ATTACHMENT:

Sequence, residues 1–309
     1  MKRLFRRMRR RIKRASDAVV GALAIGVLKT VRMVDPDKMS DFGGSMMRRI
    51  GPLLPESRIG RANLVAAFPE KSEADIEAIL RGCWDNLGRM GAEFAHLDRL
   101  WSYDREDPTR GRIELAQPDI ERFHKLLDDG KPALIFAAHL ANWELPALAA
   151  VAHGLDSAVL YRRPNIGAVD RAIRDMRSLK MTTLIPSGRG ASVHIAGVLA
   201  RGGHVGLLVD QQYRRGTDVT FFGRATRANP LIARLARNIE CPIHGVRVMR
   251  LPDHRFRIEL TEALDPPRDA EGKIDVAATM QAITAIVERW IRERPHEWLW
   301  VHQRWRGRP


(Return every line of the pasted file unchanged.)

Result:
Sequence, residues 1–309
     1  MKRLFRRMRR RIKRASDAVV GALAIGVLKT VRMVDPDKMS DFGGSMMRRI
    51  GPLLPESRIG RANLVAAFPE KSEADIEAIL RGCWDNLGRM GAEFAHLDRL
   101  WSYDREDPTR GRIELAQPDI ERFHKLLDDG KPALIFAAHL ANWELPALAA
   151  VAHGLDSAVL YRRPNIGAVD RAIRDMRSLK MTTLIPSGRG ASVHIAGVLA
   201  RGGHVGLLVD QQYRRGTDVT FFGRATRANP LIARLARNIE CPIHGVRVMR
   251  LPDHRFRIEL TEALDPPRDA EGKIDVAATM QAITAIVERW IRERPHEWLW
   301  VHQRWRGRP